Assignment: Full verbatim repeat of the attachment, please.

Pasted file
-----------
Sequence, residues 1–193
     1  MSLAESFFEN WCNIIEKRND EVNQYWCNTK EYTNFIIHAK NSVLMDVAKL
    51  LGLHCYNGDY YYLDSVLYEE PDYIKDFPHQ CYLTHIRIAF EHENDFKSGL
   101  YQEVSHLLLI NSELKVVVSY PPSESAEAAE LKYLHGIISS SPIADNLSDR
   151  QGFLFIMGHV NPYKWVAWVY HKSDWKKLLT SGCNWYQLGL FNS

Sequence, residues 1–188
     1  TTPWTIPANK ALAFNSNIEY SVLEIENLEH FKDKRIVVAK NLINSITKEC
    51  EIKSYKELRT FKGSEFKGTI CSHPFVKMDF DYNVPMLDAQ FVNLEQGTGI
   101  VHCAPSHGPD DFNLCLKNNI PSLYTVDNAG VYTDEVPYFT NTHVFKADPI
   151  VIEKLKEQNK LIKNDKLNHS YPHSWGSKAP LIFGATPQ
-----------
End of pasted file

Sequence, residues 1–193
     1  MSLAESFFEN WCNIIEKRND EVNQYWCNTK EYTNFIIHAK NSVLMDVAKL
    51  LGLHCYNGDY YYLDSVLYEE PDYIKDFPHQ CYLTHIRIAF EHENDFKSGL
   101  YQEVSHLLLI NSELKVVVSY PPSESAEAAE LKYLHGIISS SPIADNLSDR
   151  QGFLFIMGHV NPYKWVAWVY HKSDWKKLLT SGCNWYQLGL FNS

Sequence, residues 1–188
     1  TTPWTIPANK ALAFNSNIEY SVLEIENLEH FKDKRIVVAK NLINSITKEC
    51  EIKSYKELRT FKGSEFKGTI CSHPFVKMDF DYNVPMLDAQ FVNLEQGTGI
   101  VHCAPSHGPD DFNLCLKNNI PSLYTVDNAG VYTDEVPYFT NTHVFKADPI
   151  VIEKLKEQNK LIKNDKLNHS YPHSWGSKAP LIFGATPQ